To continue our celebration of the franchise's 75th anniversary, we're launching "Browns Countdown: Top 75 Moments" presented by Bridgestone. Over the next month, through videos, articles and more, we'll be highlighting the top 75 moments in Browns history. Our video tributes, which will be available at ClevelandBrowns.com, the Browns' mobile app and the Browns' official YouTube Channel, will dive deep into the top 20 while our articles will put the spotlight on a number of different moments that are sprinkled throughout the top 75.
We're moving down to No. 70, which provides us with one of the best snowy memories in Browns history.
The first thing Phil Dawson needed to do when he stepped onto the football field at any point on Dec. 19, 2007, was feverishly sweep his feet until he saw grass beneath him.
The snow around Dawson was thick, powdery and detrimental to his ability to do his job: kick a football. Cleveland's Week 15 game at Browns Stadium became a kicker's nightmare 90 minutes before kickoff when blizzard-like conditions blanketed the city, instantly piling snow onto the field and setting the scene for an unforgettable afternoon of football.
Dawson's leg and snow-sweeping abilities were required for two field goals, and both kicks — the first from 35 yards and the second from 49 yards — were to be attempted through 40 mph wind gusts, making them some of the hardest kicks Dawson had ever attempted.
"I would have to say in my nine years here that was by far the most difficult day to kick a football," he said in his postgame interview. "Had there been no snow at all, it would've been in the top five just because of the way the wind was blowing."
But Dawson still got the job done.
Both kicks were good. The first one started right and veered left to cross the uprights. The second started left and clipped back to the right with just enough speed for another three points.
The two kicks helped lead the Browns to an unforgettable 8-0 win against the Buffalo Bills to give them their ninth win of the 2007 season. Dawson's kicks — as well as the other plays that helped the Browns grab their first shutout since 2005 and third since returning to Cleveland as an expansion team in 1999 — cemented the win as one of the most memorable in franchise history.
But the scenes of players trudging through the thick snow and workers using snow blowers to clear yardage markers encapsulated what most people picture when they visualize winter football in Cleveland — cold, windy and unpredictable.
"When you're a kid, you dream of playing in a game like this," said Browns wide receiver Joe Jurevicius, a Cleveland native, in a postgame interview. "Today was the Turkey Bowl or the Christmas Bowl in the backyard when you're wiping snow out of your eyes."
Players slipped and slid through the snow and ball carriers struggled to advance near-untraceable distances up the field — yardage lines were covered for most of the game, and officials frequently struggled to identify yard markers.
Amazingly, no turnovers were made by either team, but the other two Cleveland points were awarded after Bills punter Brian Moorman kicked a botched snap out of the end zone for a safety to avoid the Browns possibly recovering the ball for a touchdown.
Dawson, however, was unfazed, and so was Browns running back Jamal Lewis. He amassed 163 rushing yards on 33 carries and plowed his own way through the snow after dodging tackle attempts from Bills defenders.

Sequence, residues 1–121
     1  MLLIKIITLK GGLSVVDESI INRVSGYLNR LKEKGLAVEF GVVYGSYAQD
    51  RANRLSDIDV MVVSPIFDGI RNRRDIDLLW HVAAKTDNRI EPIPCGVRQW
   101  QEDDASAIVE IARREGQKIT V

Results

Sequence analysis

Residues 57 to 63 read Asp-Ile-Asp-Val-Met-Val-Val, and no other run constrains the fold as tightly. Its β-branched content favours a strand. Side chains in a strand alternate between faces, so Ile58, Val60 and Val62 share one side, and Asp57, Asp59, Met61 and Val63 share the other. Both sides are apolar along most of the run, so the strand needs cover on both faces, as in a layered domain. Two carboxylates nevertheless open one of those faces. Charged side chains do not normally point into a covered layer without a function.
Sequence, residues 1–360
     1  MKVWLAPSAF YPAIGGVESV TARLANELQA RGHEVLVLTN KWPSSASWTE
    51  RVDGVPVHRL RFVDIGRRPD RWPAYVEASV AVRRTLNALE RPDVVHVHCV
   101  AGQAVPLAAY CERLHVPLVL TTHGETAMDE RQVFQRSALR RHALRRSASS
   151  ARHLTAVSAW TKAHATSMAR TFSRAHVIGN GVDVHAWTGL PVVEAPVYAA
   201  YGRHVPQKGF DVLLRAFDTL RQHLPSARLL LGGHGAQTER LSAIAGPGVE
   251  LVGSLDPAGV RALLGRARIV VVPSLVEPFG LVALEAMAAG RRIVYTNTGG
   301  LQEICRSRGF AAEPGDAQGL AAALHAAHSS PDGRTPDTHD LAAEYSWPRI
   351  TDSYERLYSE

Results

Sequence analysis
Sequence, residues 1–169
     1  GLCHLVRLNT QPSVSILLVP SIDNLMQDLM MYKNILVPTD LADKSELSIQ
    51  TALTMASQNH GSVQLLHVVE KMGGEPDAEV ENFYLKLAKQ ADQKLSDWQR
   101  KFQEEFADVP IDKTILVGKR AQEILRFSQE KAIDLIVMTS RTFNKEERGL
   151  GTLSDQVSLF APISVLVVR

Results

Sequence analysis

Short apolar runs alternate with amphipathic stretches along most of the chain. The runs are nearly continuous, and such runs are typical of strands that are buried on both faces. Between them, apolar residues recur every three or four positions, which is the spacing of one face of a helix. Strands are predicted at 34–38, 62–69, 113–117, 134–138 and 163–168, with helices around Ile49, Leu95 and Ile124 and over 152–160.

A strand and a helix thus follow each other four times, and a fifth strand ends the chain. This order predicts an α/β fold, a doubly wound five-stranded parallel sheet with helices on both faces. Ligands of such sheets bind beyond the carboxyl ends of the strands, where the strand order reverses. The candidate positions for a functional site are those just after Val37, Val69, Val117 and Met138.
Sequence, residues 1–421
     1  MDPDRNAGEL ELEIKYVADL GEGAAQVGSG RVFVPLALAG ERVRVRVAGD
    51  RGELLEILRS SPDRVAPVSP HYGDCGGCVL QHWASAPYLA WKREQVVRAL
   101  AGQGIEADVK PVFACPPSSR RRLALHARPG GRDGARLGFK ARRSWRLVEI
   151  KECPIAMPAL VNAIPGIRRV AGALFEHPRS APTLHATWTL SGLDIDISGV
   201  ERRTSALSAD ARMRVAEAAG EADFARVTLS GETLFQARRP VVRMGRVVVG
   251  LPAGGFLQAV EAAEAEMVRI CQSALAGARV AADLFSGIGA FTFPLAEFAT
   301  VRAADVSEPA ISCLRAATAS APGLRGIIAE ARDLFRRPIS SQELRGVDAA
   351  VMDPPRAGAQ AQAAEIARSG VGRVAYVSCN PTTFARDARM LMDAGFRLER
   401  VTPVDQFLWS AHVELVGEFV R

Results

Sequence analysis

"He was perfect for this kind of weather," Browns rookie tackle Joe Thomas said after the game. "He kept his shoulders north and south, put his head down and just knocked guys over. He carried the pile."
The significance of the win extended beyond the wintry elements of the afternoon, too. The Browns clinched their second winning season in the franchise's expansion era and first since 2002, which moved them into a tie for first in the AFC North with the Pittsburgh Steelers.
To get there, though, the Browns needed their kicker to persevere through one the toughest days of his career.
"I wasn't even thinking about anything," he said about the kicks in a 2019 interview with Jay Crawford. "My mind was all over the place, but I had trained my body what it needed to do.
"Even though my mind was not in a great place, autopilot kicked in, and the ball went right down the middle."
Earlier this year, the Browns commissioned a panel of historians, alumni and journalists to rank the top 75 moments in Browns history. The group met multiple times to discuss the moments and each member submitted their own final rankings, which were averaged against each other to create the ultimate list.
Building the Top 75 from the bottom up
68. Browns' fans create numerous music ballads that are played on Cleveland radio to celebrate the teams resurgence in the late 1980s. Songs include "Oh Bernie Bernie," "Super Bowl Browns" and "Born and Raised on the Browns."
69. Browns defeat the Jacksonville Jaguars, 21-20, on Dec. 8, 2002 with a 50-yard Hail Mary from Tim Couch to Quincy Morgan with no time left. Couch becomes the only quarterback to have two game-winning passes of 50 yards or more with no time left on the clock.
70. Browns defeat the Buffalo Bills 8-0 in a blizzard and clinch a winning record on Dec. 16, 2007. Phil Dawson kicks two field goals and the Browns record a safety.
72. Browns clinch an Eastern Conference title by crushing the New York Giants 52-20 on Dec. 12, 1964.
73. Browns move into first place of the AFC Central Division after defeating the Houston Oilers on Dec. 15, 1985. The Browns would go on to win the AFC Central for the first time since 1980
74. Jeff Garcia and Andre Davis combine to tie the NFL record for the longest pass in NFL history of 99 yards in a Cleveland Browns 34-17 victory over the Cincinnati Bengals on Oct. 17, 2004.